Eric Hanna makes a radical proposal to kickstart the Church in Scotland by going where the people are.
When people talk about Faith in Scotland there is a familiar background drone of pessimism. Even many priests project exhaustion and resignation.
In response to this many of us have simply stopped believing it possible for our parishes to grow. But the Church is missionary or it is nothing – so how do we ditch this managed decline? One way is to start planting new churches. Instead of embracing declining numbers and subtracting parishes, let’s think multiplication.
What is church planting?
Church planting at the most basic level is starting a new church from scratch in an area previously not served. It is a method of evangelism that has stayed the course of time. It was what we see the Apostles doing in the Book of Acts: they preach and teach, the sacraments are given and, as we see St Paul doing, after completing a mission, leave it with leaders to oversee the community of Faith.
Church planting may not be well known in the Catholic world, but it has fuelled the growth of evangelical/Pentecostal churches since the 1970’s. City on A Hill Church in Edinburgh is one of Scotland’s biggest churches. Beginning with three people in 1998, it now has a congregation of 800 people.
Its pastor is Peter Anderson and when I asked him why plant churches he said: “Jesus in the Great Commission told us to make disciples, not churches, but when you read Acts you see disciples being made and churches being planted. Making disciples was planting churches”.
But what does church planting have to do with it?
I live near Inverness, which is the fastest growing city in Scotland and has been one of the fastest in Europe. Our population has grown 17% in this century with a huge growth in housing developments. In one district alone, the Highland Council noted a 115% increase in house-building.
Additionally about eight miles along the A96, Scotland’s newest town is being built – Tornagrain, which over the next 50 years is to become home to 12000 people. We have three existing parishes, one of which was just built in 2007, St Columba’s.
It was an answer to a growing Inverness as far back as 1978, but house-building has continued and now it will not be enough.
This pattern of shifting populations is going on throughout Scotland, to the point that the ‘local parish’ isn’t local anymore. How can our parishes connect with our communities if they do not sit in a community?
Planting churches is about multiplication
A few facts about church Planting: church plants tends to attract ‘new’ people who are not present in established churches. In Research done by ACTS29 (an American church planting network) they state that 60-80% of congregations in new churches are not part of existing churches.
The demographic is often younger and includes a variety of social groups which are often less represented in older churches. These plants can also tailor themselves to the area they are in, for instance, an area with lots of immigrants or places of lower health and living standards.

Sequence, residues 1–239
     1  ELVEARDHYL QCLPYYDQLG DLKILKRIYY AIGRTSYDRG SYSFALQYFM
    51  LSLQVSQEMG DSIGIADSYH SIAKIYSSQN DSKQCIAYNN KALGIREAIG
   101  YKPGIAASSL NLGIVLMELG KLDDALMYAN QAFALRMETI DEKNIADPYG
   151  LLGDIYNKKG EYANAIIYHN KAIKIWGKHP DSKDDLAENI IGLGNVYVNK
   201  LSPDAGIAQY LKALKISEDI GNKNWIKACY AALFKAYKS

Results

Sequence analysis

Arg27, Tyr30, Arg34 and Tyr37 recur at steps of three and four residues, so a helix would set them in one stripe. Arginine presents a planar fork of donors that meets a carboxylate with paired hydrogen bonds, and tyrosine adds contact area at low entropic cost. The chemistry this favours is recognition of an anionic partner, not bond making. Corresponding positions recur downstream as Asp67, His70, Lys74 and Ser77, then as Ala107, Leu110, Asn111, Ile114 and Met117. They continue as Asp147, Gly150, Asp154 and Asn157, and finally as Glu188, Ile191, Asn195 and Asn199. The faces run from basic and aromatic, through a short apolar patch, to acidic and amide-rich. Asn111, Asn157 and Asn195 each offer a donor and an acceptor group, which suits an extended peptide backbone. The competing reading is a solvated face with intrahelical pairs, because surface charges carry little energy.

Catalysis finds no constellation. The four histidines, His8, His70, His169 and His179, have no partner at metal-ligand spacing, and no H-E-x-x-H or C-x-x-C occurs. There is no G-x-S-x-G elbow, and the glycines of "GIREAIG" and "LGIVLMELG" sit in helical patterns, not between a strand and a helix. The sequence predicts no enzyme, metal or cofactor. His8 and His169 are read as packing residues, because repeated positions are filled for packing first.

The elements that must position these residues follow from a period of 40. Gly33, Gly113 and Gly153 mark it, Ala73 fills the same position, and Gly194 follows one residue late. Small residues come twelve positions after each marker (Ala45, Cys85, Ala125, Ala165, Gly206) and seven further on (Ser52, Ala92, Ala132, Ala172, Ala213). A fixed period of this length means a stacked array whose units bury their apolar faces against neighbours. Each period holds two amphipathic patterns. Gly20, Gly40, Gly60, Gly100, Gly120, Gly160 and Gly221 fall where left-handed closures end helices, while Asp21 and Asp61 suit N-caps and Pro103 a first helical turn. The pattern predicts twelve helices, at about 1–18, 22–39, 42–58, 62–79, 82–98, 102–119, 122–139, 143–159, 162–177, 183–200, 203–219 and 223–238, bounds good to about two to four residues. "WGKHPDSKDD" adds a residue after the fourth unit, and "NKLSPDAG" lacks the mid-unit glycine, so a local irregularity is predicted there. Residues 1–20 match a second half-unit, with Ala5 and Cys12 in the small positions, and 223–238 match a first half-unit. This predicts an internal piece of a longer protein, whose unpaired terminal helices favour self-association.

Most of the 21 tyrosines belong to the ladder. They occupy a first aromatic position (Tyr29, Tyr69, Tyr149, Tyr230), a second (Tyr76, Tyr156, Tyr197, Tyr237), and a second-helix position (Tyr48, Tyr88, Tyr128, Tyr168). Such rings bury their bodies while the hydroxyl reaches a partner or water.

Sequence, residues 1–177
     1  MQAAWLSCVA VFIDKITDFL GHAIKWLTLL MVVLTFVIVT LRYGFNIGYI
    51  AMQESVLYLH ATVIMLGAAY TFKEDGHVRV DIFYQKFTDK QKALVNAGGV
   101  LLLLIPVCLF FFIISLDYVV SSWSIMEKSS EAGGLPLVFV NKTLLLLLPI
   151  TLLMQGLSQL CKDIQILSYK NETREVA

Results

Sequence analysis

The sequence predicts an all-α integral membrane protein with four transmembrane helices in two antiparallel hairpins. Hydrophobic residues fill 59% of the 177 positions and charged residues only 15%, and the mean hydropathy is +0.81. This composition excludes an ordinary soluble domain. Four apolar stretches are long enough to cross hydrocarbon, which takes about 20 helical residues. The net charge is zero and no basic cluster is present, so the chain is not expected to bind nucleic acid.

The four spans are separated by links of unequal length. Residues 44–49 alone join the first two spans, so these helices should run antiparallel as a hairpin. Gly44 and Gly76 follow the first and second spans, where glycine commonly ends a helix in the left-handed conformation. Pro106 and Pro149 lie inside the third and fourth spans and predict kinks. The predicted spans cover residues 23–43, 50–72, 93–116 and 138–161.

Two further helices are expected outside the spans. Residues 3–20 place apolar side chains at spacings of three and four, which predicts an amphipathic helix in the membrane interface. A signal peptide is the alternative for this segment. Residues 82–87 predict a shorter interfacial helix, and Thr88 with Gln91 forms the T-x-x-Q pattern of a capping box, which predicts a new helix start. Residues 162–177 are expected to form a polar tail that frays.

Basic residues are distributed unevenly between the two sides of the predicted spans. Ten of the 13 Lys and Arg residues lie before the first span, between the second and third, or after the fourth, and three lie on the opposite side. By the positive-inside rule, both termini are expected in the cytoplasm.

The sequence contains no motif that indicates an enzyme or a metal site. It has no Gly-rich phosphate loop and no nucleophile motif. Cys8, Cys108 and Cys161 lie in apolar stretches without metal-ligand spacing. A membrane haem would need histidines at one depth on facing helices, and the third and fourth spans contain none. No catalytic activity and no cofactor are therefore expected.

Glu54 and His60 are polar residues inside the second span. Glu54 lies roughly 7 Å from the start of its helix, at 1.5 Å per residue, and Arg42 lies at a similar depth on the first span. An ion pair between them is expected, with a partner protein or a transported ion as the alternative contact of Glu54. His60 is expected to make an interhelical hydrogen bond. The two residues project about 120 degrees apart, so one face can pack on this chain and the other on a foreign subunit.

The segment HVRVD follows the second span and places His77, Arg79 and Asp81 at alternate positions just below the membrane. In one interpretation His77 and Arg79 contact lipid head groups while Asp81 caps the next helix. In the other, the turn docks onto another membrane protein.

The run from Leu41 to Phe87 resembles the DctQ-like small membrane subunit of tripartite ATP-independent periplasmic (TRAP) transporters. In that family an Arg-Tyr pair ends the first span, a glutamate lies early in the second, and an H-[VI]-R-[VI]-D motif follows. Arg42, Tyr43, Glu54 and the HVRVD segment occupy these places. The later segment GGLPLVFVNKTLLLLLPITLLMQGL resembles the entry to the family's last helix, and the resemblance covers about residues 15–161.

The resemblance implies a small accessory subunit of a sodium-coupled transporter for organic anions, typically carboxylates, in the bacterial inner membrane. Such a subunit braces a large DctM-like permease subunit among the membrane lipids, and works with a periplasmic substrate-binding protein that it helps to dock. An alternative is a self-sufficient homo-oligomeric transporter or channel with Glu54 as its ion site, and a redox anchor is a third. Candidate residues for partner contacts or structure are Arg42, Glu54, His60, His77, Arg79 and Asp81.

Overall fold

They also raise up new leaders, people who might get missed otherwise – these are the leaders who go on to help with pastoral or evangelistic elements of the Church.
Catholic church planting?
Much of the information above comes from Protestant ministries and the methodologies come out of Protestant theology. We cannot and should not emulate everything they do but there are things we can learn from.
One of the most important things for any new plants to work is that there is a team of committed individuals or families willing to go and stay in that area or church. It is again about discipleship and in the Catholic context raising up Lay people who could take on the bulk of the work of a new parish. Pope Francis powerfully calls us to action:
“We need lay people who take risks, who get their hands dirty, who are not afraid of making mistakes, who go forward. We need lay people with a vision of the future, not confined to the little things of life.”
Church planting or church renewal is a hard work, it is risky and calls you to live a life bigger than yourself. I should know, I am an ex-church planter, living in the Highlands, not because of a job or family connections, but because I was captured by a vision to spread the Gospel. I was sent and so I went!
As someone who later converted to Catholicism, I believe church planting is an area where we can learn from the evangelicals. It’s not about the clear out of traditions that have sustained our communities for centuries. It is also not about reallocating re- sources or whatever fancy term is used to close a parish.
We need to be Kingdom minded and guided by our Lord, not our accountant.
Embracing the challenge
That said I can hear the critiques already. We do not have enough priests, our parishes are declining, there is no money to build new churches. But this is a chicken and egg argument.
If we do not grow, we do not have priests and then we do not have viable parishes. Are we defeated already? Or are we willing to change our mindset and believe in the possibility that God wants us to do great things?
Eric Hanna is the Editor of St Moluag’s Coracle, an online magazine, and Catholic writer who lives in Nairn.